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Delaware County Health Department Confirms Nine Cases of Monkeypox

Delaware County Health Department Confirms Nine Cases of Monkeypox

Posted on August 9, 2022

The Delaware County Health Department (DCHD) confirmed that a total of nine cases of monkeypox have been identified in Delaware County as of August 4. Cases have also been confirmed in recent weeks in Philadelphia and the neighboring collar counties of Bucks, Chester, and Montgomery.

The nation has recorded more than 6,600 cases as of August 3, according to the U.S. Centers for Disease Control and Prevention (CDC). This week, President Biden announced the White House's new national monkeypox Response Coordinator and Deputy Coordinator. Globally, more than 26,000 cases have been reported in 87 counties, 80 of which have not historically reported monkeypox. The World Health Organization declared monkeypox a global health emergency on July 23.

“The Delaware County Health Department is aware of the cases and is working with local health officials and health care providers to ensure that Delaware County has the necessary resources,” said Delaware County Health Department Director Melissa L. Lyon, adding “The threat of community spread to Delaware County residents from monkeypox remains extremely low.”

Monkeypox, according to the Centers for Disease Control and Prevention (CDC), is an illness that can cause painful rashes and flu-like symptoms—including headaches, muscle aches, swollen lymph nodes, chills, and exhaustion—that are caused by a virus related to Smallpox but with milder symptoms and is rarely fatal. Monkeypox is not related to chickenpox.

The disease is transmitted through prolonged and close skin-to-skin contact, typically through broken skin, or through the eyes, nose, and mouth. Monkeypox is not a sexually transmitted disease, but it can spread through intimate contact.

CDC officials say within one to three days after the appearance of fever, the person infected will develop a rash, often beginning on the face, then spreading to other parts of the body. The rash will eventually dry up and fall off, typically taking 7-14 days from the time of infection for a person to start feeling symptoms of the disease, but the incubation period can also range from 5-21 days.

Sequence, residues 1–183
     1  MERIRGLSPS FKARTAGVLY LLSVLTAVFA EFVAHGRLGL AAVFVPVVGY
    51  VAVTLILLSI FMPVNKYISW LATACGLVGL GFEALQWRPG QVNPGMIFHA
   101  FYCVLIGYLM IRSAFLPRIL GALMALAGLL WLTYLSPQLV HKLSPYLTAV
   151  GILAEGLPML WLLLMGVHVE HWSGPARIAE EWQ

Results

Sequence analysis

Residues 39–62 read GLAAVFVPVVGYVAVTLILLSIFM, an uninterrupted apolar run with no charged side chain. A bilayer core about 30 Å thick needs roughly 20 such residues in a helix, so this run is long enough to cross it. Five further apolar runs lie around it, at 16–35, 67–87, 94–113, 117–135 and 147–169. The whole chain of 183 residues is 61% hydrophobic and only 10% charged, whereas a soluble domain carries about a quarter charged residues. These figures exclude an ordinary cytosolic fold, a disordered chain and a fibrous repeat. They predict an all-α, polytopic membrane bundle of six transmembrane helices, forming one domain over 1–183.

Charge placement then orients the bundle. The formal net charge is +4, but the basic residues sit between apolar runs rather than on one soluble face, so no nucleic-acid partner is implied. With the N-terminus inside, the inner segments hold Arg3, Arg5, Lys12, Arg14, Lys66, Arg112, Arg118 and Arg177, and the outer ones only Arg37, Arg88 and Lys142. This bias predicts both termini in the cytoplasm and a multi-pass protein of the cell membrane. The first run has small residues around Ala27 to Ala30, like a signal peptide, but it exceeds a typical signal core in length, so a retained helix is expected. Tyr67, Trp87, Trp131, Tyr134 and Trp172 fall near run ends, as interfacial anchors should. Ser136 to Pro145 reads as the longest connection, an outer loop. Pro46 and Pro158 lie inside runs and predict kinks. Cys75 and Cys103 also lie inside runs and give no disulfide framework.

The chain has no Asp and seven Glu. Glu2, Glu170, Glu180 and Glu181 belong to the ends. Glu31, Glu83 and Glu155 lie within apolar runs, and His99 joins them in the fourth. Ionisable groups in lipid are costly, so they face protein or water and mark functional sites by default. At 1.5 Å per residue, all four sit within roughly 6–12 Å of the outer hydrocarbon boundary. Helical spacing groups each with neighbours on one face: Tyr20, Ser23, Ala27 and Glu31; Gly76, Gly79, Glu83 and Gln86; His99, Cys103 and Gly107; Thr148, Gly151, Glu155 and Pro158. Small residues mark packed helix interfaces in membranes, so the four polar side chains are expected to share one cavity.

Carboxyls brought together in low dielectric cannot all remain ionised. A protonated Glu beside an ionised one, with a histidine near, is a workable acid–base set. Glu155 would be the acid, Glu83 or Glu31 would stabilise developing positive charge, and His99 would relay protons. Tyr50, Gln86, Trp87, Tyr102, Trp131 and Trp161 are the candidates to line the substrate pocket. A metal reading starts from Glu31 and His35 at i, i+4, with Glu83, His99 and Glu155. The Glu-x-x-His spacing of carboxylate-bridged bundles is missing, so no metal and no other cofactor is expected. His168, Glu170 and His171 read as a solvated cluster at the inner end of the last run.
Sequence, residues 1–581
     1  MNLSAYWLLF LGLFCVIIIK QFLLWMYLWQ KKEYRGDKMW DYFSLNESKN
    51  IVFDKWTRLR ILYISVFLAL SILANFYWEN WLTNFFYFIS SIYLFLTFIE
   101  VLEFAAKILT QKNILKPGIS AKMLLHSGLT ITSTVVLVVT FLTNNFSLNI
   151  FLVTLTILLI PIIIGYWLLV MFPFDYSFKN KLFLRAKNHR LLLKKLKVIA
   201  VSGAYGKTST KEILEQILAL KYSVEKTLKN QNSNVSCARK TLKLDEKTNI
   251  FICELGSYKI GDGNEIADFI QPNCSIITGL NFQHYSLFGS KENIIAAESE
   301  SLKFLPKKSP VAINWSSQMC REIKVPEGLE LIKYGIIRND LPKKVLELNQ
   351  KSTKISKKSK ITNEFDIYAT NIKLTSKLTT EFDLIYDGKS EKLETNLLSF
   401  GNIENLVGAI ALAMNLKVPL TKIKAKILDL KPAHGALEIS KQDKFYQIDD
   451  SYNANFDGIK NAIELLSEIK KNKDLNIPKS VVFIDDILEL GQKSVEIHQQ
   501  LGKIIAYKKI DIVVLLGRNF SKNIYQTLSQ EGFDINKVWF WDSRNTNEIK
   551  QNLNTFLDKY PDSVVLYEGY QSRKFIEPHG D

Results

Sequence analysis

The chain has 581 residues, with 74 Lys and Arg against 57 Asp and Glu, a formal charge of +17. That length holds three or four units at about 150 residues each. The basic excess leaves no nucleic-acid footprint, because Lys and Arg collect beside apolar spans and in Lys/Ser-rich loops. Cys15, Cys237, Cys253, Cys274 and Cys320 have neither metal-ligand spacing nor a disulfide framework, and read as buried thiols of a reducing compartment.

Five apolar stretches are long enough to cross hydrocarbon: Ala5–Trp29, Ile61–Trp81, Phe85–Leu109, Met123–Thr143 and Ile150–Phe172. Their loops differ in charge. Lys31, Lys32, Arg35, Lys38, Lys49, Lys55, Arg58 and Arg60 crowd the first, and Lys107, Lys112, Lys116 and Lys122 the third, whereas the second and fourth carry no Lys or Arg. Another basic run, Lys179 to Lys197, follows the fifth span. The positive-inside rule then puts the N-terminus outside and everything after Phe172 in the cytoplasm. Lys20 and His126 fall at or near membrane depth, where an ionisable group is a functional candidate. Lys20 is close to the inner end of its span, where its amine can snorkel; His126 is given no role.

Despite reports of recent cases across the globe, DCHD officials caution that the disease is less contagious and concerning than COVID-19, since monkeypox does not effectively spread through the air, and vaccines and therapeutics are available to treat the disease after exposure.

DCHD received a small allocation (approximately 300 doses) of the Jynneos vaccine in July and August. The Jynneos vaccine is currently administered to eligible individuals that have been identified, in consultation with the PA Department of Health, as having a high risk of exposure to monkeypox. DCHD has administered the Jynneos vaccine to all Delaware County residents recommended for Jynneos based on the evidence-based criteria developed by the PA DOH and CDC.

Individuals with concerns about their exposure are urged to consider the monkeypox information on the DCHD and CDC websites and contact their regular healthcare provider if needed. Individuals may also reach out to the DCHD Wellness Line at (484) 276-2100 to discuss whether they may be eligible to receive the Jynneos vaccine. Updated information regarding monkeypox can be found on the Delaware County Health Department website at delcopa.gov/monkeypox and on the CDC website at www.cdc.gov/poxvirus/monkeypox/index.html.

“As the opportunities to expand access to vaccine improves, the Delaware County Health Department will participate in those efforts, in collaboration with the PA Department of Health, to appropriately disseminate additional vaccine to those populations in need,” said Director Lyon.

To reduce the risk of contracting monkeypox, the CDC advises individuals to:

  • avoid close, skin-to-skin contact with people who have a rash that looks like monkeypox;
  • avoid contact with objects and materials that a person with monkeypox has used; and
  • wash hands often with soap and water (or use an alcohol-based hand sanitizer), especially before eating or touching their face and after use of the bathroom.

For health professionals, the DCHD website highlights links for the Pennsylvania Department of Health’s Health Alert Network monkeypox advisories. These include the Revised Protocols Regarding the Use of Tecovirimat (TPOXX) for the Treatment of Monkeypox, Addition of Commercial Labs for Monkeypox Virus Testing, and Updated Recommendations for Monkeypox Case Identification and Testing.

Individuals and health providers with health questions may contact the Delaware County Health Department Wellness Line by phone at (484) 276-2100 or by email at DelcoWellness@co.delaware.pa.us.